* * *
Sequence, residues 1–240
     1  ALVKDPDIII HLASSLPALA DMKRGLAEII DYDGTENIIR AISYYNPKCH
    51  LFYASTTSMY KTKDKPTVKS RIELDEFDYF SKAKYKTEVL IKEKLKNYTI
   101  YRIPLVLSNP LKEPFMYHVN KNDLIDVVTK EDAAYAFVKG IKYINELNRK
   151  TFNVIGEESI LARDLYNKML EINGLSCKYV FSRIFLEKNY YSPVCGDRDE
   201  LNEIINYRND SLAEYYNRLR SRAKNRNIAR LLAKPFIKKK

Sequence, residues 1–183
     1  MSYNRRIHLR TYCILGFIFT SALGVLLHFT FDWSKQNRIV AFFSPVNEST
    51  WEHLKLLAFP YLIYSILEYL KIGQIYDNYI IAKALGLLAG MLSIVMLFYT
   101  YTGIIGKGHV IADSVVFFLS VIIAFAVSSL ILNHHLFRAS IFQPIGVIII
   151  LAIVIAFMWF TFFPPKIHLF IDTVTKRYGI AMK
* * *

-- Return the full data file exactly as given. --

Sequence, residues 1–240
     1  ALVKDPDIII HLASSLPALA DMKRGLAEII DYDGTENIIR AISYYNPKCH
    51  LFYASTTSMY KTKDKPTVKS RIELDEFDYF SKAKYKTEVL IKEKLKNYTI
   101  YRIPLVLSNP LKEPFMYHVN KNDLIDVVTK EDAAYAFVKG IKYINELNRK
   151  TFNVIGEESI LARDLYNKML EINGLSCKYV FSRIFLEKNY YSPVCGDRDE
   201  LNEIINYRND SLAEYYNRLR SRAKNRNIAR LLAKPFIKKK

Sequence, residues 1–183
     1  MSYNRRIHLR TYCILGFIFT SALGVLLHFT FDWSKQNRIV AFFSPVNEST
    51  WEHLKLLAFP YLIYSILEYL KIGQIYDNYI IAKALGLLAG MLSIVMLFYT
   101  YTGIIGKGHV IADSVVFFLS VIIAFAVSSL ILNHHLFRAS IFQPIGVIII
   151  LAIVIAFMWF TFFPPKIHLF IDTVTKRYGI AMK